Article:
Although the money’s still good enough for third place, what you’re seeing now is a franchise bleeding out. M:I-III couldn’t hold its ground in the wake of Da Vinci’s arrival, and was flung aside like Tom Cruise was by that missile in all those expensive but fruitless trailers. It’s about time to place your “under” bets for my over/under prediction of $122M domestic from last week.

4. Poseidon

Weekend Take: $9.2M
Current Domestic Total: $36.8M

Just like there’s no nice way to spin a sucking chest wound, there’s no way to put a smile on a 58.4% second weekend drop. It’s worse when your first weekend was such a dog. Poseidon is a big enough disaster that it might even distract people from writing about the financial failure of Mission: Impossible III. But do you think this will stop the re-make chuck wagon from continuing to roll through town? It won’t even slow down.

5. RV

Weekend Take: $5.0M
Current Domestic Total: $50.3M

R.V. brought in enough money in its first month that this shedding of business comes too late to cause real alarm. It should come in for a soft landing out of the top 10 in a couple more weeks, its quiet and sane path to box office success a lesson studio heads are sure to ignore completely.

6. See No Evil

Weekend Take: $4.6M
Current Domestic Total: $4.6M

Vince McMahon’s new WWE Films label stuck with a safe bet for their first time flying solo, putting one of their glowering man-mountains into a horror movie with a bunch of teens. Opening that’s as close to a no-brainer as this town offers. It didn’t break out of the genre box a la Saw but it will turn a profit and build brand awareness for their next effort to groom a steady supply of movie stars in the ring. When your budget is only $8M this is what success looks like.

7. Just My Luck

Weekend Take: $3.4M
Current Domestic Total: $10.5M

Without a similar movie opening this weekend, Lindsay Lohan’s comedy suffered far less of the audience erosion that punished her companions on the top 10. That’s paltry consolation considering how much the studio unwisely spent on providing a grown-up vehicle for her. Some movies just don’t make sense past a certain price point. The $45M budget listed on IMDB, if even close to accurate, is far, far beyond that point.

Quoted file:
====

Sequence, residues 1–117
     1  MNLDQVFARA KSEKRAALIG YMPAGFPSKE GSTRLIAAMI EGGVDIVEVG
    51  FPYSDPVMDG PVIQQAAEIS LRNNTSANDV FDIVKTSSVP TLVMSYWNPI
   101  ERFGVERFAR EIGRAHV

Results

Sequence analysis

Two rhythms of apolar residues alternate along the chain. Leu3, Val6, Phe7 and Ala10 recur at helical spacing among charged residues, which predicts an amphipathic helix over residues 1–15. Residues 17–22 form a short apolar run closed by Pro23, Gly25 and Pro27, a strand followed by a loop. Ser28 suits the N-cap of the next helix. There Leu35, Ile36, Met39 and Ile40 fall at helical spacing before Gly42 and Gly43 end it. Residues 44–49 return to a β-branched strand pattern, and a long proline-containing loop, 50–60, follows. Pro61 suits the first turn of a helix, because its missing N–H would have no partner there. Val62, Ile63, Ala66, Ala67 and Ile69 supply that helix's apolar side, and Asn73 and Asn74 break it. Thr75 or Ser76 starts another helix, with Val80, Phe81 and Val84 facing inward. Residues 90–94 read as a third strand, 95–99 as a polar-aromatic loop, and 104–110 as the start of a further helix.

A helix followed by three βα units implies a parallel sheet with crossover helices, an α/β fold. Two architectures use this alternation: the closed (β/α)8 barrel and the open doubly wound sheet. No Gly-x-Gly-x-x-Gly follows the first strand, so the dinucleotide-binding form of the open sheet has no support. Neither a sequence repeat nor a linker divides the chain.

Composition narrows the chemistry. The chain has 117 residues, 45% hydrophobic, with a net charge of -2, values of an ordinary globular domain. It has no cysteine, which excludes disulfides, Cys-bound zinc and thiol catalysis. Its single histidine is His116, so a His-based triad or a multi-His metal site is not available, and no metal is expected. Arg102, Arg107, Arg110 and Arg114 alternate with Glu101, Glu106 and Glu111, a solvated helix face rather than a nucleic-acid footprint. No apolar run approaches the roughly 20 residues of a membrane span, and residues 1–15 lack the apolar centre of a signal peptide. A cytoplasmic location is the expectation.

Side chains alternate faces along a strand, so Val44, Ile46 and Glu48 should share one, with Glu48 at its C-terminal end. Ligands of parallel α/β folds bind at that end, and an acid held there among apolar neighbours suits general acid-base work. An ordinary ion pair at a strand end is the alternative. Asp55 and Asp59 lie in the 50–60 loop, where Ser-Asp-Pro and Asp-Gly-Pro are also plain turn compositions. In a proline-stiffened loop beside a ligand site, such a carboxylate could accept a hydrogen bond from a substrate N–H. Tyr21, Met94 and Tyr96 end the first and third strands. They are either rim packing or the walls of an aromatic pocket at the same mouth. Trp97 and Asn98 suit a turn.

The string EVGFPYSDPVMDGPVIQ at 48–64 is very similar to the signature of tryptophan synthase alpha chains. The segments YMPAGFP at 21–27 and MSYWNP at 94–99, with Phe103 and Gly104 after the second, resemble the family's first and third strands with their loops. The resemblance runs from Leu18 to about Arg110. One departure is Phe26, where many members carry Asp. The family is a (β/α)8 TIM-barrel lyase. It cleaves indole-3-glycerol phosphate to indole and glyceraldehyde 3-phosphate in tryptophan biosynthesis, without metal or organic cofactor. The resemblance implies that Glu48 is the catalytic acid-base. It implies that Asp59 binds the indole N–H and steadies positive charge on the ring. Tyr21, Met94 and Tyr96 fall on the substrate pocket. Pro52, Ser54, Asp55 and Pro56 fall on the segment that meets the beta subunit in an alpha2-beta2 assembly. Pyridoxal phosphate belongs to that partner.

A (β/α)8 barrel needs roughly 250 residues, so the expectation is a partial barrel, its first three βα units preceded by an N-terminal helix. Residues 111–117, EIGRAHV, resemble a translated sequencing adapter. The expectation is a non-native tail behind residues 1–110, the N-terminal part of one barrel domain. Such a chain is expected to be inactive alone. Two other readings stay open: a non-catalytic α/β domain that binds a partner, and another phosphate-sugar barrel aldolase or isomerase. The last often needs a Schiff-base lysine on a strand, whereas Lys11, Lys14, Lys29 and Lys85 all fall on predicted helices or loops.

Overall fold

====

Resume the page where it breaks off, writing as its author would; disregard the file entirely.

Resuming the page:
8. An American Haunting

Weekend Take: $1.5M
Current Domestic Total: $13.4M

Freestyle Releasing now knows what it’s like to bring in wide distribution dollars, and it also knows the speed at which those numbers dissipate. Their risk to open this movie big (perhaps sneaking it to the audience before reviews could hamper them) has paid off; not handsomely necessarily, but they didn’t get stripped and left for dead in the exhibitor’s desert, which was all too possible.

9. United 93

Weekend Take: $1.4M
Current Domestic Total: $28.3M

United 93 should break $30M domestically, which is more than a comfortable number at their budget level, and enough to bear out the wisdom of containing the investment on a project this daring. They suited creative intent to format to business needs in a way that you wished filmmakers and studio heads could emulate more often.

10. Akeelah and the Bee

Weekend Take: $1.0M
Current Domestic Total: $15.7M

The end of this movie’s major presence in theatres was not quite graceful, but it made enough noise along the way to make its producers happy. Anytime a movie with this combination of elements – tricky title, complex emotions within the story, sub-marquee cast names – sees success off the appeal of the final product, it’s a victory for people who still believe that moviegoers will come to a good product if it’s provided them, all Da Vinci-related evidence notwithstanding.